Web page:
You hear a lot about Geometric Dimensioning & Tolerancing (GD&T) today, but less about its practical deployment and utilization in the manufacturing and inspection process. To better understand and appreciate the importance of GD&T data one must embrace the idea of Model-Based Definition (MBD), which gives the annotated data relevance in the design, build and quality-verification processes.
MBD came out of the verifiable, close tolerance world of aerospace manufacturing, which challenged us and other metrology companies to provide a practical means to inspect and report part quality across an ever-increasing supply chain. Before the globalization of aircraft manufacturing, OEMs made most of the components they used, but as multi-tier supply chains emerged so did the need to reduce time-to-market, improve quality and effectively communicate and manage design intent of every part produced.
Boeing was one of the early adopters of MBD, which is a requirement for doing business with the company as outlined in Document D6-51991, Quality Assurance Standard for Digital Product Definition at Boeing Suppliers. A Boeing dataset is provided containing the exact solid, its associated 3D geometry and 3D annotation of the product’s dimensions and tolerances (and may include parts/notes list) to specify a complete product definition. Model Based Definition provides a single source of product definition, which reduces conflict between CAD and paper drawings. As a result, the Boeing dataset neither includes nor requires a conventional 2D drawing. MBD first proved its value in the aerospace industry, but is quickly becoming a requirement throughout many manufacturing segments.
Under the MBD concept, the 3D CAD model should contain everything needed to confirm design intent, to manufacture and to verify quality; this includes supporting GD&T annotations. The lines between various acronyms and digital concepts are easily blurred and often misused; just remember, in an MBD environment the 3D CAD model is the authority. MBD is a scalable strategy that can support the design-build process of machining and validating parts, or be expanded to include the complete Product Lifecycle Management (PLM) process. The key is to not be overwhelmed or intimidated by MBD, but rather to get onboard with the concept at a level that makes sense for your company; whether you are an OEM, tiered supplier or job shop, MBD saves time, improves quality and reduces scrap and rework.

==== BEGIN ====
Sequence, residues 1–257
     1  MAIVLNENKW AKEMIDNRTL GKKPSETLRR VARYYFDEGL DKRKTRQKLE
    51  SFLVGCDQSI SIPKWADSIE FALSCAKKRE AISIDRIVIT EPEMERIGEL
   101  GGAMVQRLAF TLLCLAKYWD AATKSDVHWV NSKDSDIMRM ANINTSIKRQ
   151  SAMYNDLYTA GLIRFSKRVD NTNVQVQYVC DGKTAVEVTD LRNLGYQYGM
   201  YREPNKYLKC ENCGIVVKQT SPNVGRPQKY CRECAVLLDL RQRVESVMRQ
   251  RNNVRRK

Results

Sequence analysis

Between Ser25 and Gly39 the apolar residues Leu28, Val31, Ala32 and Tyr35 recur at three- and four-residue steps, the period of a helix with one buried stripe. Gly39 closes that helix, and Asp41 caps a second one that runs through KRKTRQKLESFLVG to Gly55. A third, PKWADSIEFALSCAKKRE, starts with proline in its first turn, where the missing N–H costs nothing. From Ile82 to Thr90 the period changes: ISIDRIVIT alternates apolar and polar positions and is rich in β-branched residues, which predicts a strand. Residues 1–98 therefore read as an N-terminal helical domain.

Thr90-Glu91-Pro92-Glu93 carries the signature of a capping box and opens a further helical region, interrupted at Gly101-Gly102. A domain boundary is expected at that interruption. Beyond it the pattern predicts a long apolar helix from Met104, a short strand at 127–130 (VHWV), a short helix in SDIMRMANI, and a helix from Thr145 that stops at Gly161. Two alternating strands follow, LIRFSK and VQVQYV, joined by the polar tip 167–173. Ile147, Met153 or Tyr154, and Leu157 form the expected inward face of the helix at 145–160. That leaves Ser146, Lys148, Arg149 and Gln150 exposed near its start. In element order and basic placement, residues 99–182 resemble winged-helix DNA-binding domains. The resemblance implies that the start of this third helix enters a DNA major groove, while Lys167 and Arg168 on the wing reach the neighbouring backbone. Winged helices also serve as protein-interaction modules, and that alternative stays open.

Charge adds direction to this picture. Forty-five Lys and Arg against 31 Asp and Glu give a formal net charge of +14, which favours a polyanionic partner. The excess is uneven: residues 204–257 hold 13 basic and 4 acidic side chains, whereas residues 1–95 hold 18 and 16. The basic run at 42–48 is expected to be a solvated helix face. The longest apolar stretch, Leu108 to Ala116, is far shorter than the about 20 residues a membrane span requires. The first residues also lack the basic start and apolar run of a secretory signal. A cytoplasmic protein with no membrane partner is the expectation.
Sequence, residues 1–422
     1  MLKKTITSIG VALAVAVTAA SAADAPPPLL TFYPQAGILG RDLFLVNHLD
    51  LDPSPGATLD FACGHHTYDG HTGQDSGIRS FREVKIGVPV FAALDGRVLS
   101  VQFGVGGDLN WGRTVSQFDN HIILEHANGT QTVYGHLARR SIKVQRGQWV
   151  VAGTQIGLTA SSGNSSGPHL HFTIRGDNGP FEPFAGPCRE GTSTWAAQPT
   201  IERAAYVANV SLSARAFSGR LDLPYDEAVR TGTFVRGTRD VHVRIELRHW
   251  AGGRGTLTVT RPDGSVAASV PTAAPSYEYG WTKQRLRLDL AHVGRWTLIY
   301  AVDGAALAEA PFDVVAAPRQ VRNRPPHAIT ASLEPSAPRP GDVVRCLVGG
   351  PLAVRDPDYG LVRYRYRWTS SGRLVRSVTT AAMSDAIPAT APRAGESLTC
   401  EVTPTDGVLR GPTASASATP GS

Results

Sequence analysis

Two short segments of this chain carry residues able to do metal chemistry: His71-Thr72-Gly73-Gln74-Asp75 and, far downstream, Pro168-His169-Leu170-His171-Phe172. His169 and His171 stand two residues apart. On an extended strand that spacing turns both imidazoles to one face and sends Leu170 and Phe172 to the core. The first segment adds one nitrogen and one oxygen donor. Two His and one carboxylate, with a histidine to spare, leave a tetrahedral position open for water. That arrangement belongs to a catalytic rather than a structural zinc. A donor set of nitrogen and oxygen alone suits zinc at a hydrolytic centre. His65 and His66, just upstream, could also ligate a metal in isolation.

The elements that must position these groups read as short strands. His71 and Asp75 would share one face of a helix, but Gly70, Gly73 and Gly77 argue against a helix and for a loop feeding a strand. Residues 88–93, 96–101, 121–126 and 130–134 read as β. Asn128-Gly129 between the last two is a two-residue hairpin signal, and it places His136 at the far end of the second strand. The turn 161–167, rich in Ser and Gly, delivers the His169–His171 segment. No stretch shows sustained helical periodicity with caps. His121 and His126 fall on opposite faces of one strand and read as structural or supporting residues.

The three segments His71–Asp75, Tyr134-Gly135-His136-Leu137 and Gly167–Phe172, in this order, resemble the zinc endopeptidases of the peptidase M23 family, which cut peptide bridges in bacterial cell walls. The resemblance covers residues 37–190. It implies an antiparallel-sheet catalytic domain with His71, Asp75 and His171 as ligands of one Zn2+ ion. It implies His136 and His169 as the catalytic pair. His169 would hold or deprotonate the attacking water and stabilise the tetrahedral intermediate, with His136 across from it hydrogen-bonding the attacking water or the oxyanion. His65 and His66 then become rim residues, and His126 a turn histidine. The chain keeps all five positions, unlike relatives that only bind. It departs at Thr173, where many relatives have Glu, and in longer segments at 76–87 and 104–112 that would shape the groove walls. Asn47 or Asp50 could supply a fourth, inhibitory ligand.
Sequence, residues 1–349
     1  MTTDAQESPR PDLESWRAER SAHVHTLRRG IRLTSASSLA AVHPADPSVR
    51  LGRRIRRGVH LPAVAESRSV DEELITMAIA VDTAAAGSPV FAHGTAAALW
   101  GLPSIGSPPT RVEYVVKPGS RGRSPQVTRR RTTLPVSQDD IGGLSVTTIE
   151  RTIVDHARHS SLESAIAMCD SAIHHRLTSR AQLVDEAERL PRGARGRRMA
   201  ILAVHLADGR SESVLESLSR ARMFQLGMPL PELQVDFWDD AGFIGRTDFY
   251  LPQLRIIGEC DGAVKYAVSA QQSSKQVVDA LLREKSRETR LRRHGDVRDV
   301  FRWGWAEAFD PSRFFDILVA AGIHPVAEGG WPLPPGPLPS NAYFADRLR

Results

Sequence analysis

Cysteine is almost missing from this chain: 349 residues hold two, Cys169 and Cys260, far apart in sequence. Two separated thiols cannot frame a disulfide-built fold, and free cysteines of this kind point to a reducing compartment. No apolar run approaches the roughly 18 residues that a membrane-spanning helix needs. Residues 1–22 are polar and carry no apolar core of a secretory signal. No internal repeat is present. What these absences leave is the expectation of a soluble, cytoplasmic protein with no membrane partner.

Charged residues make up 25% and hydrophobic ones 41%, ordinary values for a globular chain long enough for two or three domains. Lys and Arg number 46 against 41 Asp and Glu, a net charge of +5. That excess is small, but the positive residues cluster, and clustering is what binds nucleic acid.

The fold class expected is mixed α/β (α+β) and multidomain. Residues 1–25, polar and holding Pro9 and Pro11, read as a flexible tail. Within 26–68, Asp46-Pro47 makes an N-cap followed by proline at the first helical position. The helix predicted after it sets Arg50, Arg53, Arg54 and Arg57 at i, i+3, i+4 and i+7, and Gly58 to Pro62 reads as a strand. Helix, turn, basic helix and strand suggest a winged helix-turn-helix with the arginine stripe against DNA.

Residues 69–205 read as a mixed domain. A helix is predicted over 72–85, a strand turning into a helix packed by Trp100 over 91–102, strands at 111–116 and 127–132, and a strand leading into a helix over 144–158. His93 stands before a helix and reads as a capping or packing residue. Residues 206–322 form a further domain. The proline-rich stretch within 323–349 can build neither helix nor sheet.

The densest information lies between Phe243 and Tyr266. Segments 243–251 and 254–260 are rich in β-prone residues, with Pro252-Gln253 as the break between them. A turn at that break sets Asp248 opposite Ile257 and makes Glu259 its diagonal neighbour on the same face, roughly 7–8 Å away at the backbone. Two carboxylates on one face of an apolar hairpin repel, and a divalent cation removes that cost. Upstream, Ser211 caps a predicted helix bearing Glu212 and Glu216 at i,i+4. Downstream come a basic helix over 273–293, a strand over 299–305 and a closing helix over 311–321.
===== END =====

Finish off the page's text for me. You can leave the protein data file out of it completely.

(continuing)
MBD opens the door to:
- Model-Based Engineering
- Digital Product Definition (DPD)
- Model-Based Manufacturing
- Product Manufacturing
- Information (PMI)
- Model-Based Inspection and reporting
- Product Lifecycle Management (PLM)
Here software is being used to perform model-based inspection using a programmable CMM. The software provides real-time deviation feedback between the nominal CAD model and the finished part, as illustrated by the color mapping.
The Role of GD&T in MBD
There is a common misconception that MBD is synonymous with GD&T. While GD&T is a necessary component of MBD, the concept of true Model-Based Definition goes much further in terms of helping to manage downstream data and processes. GD&T is a universal symbolic tolerancing language. Last updated in 2009, GD&T has been rigorously studied, and applied by thousands of manufacturers around the world. It is essential for communicating manufacturing tolerance—the information in a model that specifies the necessary form, fit, function and interchangeability. There are two GD&T data-definition formats; both are labeled “3D annotation,” but one format is purely for display, while the other provides associativity with the CAD model.
The distinction is that in the display format, tolerancing is assigned to the model in the form of text and symbols. In other words, humans must interpret the GD&T information, without opening the door to potential errors. The display or presentation format is similar to typing a math equation in Microsoft Word; it conveys information, but the computer cannot use it in calculations. In conversation, we call this approach “decorating the model.” The alternative format, Associative GD&T, links callouts for datums and tolerances to features in the model in a way that can be conveyed to the user and the application software to know what surfaces the GD&T callouts are assigned to. Since the design process typically begins on a CAD platform, it is essential that downstream applications, such as inspection software, can open, modify and provide feedback to the CAD model, including GD&T annotations. This adds value to the CAD authority by providing critical MBD data while maintaining a digital thread.